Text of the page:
+
+ io('my/path/file.txt')->filename;
+
+would return `my/path`.
+
+- * get
+
+Perform an LWP GET request manually.
+
+- * getc
+
+Proxy for IO::Handle::getc
+
+- * getline
+
+Calls IO::File::getline. You can pass in an optional record separator.
+
+- * getlines
+
+Calls IO::File::getlines. You can pass in an optional record separator.
+
+- * head
+
+Return the first 10 lines of a file. Takes an optional argument which is the
+number of lines to return. Works as expected in list and scalar context. Is
+subject to the current line separator.
+
+- * io_handle
+
+Direct access to the actual IO::Handle object being used on an opened
+IO::All object.
+
+- * is_dir
+
+Returns boolean telling whether or not the IO::All object represents
+a directory.
+
+- * is_executable
+
+Returns true if file or directory is executable.
+
+- * is_dbm
+
+Returns boolean telling whether or not the IO::All object
+represents a dbm file.
+
+- * is_file
+
+Returns boolean telling whether or not the IO::All object
+represents a file.
+
+- * is_link
+
+Returns boolean telling whether or not the IO::All object represents
+a symlink.
+
+- * is_mldbm
+
+Returns boolean telling whether or not the IO::All object
+represents a mldbm file.
+
+- * is_open
+
+Indicates whether the IO::All is currently open for input/output.
+
+- * is_pipe
+
+Returns boolean telling whether or not the IO::All object represents
+a pipe operation.
+
+- * is_readable
+
+Returns true if file or directory is readable.
+
+- * is_socket
+
+Returns boolean telling whether or not the IO::All object represents
+a socket.
+
+- * is_stdio
+
+Returns boolean telling whether or not the IO::All object represents
+a STDIO file handle.
+
+- * is_string
+
+Returns boolean telling whether or not the IO::All object represents
+an IO::String object.
+
+- * is_temp
+
+Returns boolean telling whether or not the IO::All object represents
+a temporary file.
+
+- * is_writable
+
+Returns true if file or directory is writable. Can also be spelled as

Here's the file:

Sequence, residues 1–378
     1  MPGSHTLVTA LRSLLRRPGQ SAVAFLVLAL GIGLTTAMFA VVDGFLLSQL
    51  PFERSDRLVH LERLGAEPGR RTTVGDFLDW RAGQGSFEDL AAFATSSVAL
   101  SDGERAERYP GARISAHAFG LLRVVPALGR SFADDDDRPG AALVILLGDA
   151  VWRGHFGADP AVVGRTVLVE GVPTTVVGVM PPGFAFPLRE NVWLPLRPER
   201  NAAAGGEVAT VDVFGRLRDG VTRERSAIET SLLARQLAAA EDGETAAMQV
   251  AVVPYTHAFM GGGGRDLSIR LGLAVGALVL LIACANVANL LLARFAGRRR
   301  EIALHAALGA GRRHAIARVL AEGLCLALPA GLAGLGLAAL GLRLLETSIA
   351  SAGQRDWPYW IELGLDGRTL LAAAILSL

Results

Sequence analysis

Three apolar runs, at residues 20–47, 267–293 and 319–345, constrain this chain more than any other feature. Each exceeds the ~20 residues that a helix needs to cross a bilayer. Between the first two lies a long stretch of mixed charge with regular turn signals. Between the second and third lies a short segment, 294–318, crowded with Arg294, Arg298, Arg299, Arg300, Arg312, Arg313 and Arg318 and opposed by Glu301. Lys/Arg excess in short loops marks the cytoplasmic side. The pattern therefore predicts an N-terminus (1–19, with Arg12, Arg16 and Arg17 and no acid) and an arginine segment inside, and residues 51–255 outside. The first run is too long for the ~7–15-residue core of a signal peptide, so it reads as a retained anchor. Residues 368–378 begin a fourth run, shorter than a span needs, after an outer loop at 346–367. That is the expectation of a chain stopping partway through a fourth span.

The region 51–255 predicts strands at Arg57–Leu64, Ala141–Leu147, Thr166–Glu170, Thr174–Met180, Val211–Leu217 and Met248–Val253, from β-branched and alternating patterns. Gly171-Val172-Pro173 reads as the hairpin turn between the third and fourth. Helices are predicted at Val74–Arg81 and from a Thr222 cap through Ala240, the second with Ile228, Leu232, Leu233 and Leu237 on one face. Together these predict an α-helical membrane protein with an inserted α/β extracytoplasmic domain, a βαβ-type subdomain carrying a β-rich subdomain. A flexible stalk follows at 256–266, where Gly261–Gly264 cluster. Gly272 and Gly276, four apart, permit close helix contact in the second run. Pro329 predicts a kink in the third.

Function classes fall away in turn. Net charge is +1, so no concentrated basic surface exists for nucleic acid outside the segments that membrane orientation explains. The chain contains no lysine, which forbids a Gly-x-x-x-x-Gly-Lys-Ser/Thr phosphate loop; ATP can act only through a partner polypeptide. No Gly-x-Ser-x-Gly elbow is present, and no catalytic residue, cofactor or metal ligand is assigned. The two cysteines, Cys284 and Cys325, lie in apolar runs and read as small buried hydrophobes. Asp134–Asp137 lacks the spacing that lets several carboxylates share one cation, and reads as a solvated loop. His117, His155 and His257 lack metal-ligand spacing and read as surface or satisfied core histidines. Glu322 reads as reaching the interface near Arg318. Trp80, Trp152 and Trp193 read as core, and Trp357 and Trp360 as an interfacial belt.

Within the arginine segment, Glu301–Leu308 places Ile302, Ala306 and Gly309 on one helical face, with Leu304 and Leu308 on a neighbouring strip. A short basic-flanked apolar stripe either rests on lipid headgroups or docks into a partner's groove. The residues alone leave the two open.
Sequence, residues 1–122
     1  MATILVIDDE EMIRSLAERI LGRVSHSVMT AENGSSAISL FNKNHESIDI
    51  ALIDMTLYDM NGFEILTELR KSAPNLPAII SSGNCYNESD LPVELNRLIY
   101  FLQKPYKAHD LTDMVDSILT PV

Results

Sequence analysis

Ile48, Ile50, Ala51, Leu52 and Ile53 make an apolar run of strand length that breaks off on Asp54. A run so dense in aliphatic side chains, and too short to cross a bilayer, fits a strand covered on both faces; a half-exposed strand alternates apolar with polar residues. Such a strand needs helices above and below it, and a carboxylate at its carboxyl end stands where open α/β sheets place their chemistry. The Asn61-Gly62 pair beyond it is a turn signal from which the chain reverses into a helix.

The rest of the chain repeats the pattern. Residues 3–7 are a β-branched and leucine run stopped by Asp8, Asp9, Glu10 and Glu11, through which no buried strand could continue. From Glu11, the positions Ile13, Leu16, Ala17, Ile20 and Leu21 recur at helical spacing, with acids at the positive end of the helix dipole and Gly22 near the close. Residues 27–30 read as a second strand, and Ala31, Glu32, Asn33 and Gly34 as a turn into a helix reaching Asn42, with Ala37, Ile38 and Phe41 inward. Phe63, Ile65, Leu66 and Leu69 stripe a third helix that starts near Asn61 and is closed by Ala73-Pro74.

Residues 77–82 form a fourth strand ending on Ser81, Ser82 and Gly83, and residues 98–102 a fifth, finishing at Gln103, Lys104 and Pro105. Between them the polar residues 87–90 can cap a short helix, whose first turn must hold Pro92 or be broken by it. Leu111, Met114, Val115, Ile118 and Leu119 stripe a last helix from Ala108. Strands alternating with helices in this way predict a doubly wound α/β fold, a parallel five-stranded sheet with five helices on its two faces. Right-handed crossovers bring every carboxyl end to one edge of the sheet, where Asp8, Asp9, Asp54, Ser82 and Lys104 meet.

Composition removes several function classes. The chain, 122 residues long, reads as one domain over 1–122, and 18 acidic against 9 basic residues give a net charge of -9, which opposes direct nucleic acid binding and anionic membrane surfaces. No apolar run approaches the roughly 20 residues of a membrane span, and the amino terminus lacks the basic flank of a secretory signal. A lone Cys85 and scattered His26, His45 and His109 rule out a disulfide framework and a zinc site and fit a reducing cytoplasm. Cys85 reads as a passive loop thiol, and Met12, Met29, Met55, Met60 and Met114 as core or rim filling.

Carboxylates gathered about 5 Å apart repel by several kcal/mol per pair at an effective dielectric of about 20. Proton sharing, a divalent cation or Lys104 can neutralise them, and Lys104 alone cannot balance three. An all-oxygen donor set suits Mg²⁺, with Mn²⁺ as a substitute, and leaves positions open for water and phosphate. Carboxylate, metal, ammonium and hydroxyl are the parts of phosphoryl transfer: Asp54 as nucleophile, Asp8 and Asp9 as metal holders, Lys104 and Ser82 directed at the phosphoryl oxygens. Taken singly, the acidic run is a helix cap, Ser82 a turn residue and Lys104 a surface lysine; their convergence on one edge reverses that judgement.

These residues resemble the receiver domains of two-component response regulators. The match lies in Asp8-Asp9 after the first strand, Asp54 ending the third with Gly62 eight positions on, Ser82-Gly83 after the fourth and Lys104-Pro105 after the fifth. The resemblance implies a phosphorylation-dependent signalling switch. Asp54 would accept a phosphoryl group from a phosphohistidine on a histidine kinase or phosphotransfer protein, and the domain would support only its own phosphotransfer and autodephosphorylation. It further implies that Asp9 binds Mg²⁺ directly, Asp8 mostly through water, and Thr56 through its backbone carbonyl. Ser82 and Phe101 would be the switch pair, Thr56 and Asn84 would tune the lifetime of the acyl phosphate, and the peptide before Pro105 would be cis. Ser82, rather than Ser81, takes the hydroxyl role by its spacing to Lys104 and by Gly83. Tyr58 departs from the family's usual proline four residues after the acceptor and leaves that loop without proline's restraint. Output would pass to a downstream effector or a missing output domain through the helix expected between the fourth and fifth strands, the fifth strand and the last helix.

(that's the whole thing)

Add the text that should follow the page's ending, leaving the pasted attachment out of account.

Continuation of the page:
+`is_writeable`.
+
+- * length
+
+Return the length of the internal buffer.
+
+- * mkdir
+
+Create the directory represented by the object.
+
+- * mkpath
+
+Create the directory represented by the object, when the path contains
+more than one directory that doesn't exist. Proxy for File::Path::mkpath.
+
+- * next
+
+For a directory, this will return a new IO::All object for each file
+or subdirectory in the directory. Return undef on EOD.
+
+- * open
+
+Open the IO::All object. Takes two optional arguments `mode` and
+`perms`, which can also be set ahead of time using the `mode` and
+`perms` methods.
+
+NOTE: Normally you won't need to call open (or mode/perms), since this
+happens automatically for most operations.
+
+- * pathname
+
+Return the absolute or relative pathname for a file or directory, depending on
+whether object is in `absolute` or `relative` mode.
+
+- * print
+
+Proxy for IO::Handle::print
+
+- * printf
+
+Proxy for IO::Handle::printf
+
+- * println
+
+Same as print, but adds newline to each argument unless it already
+ends with one.
+
+- * put
+
+Perform an LWP PUT request manually.
+
+- * read
+
+This method varies depending on its context. Read carefully (no pun
+intended).
+
+For a file, this will proxy IO::File::read. This means you must pass
+it a buffer, a length to read, and optionally a buffer offset for where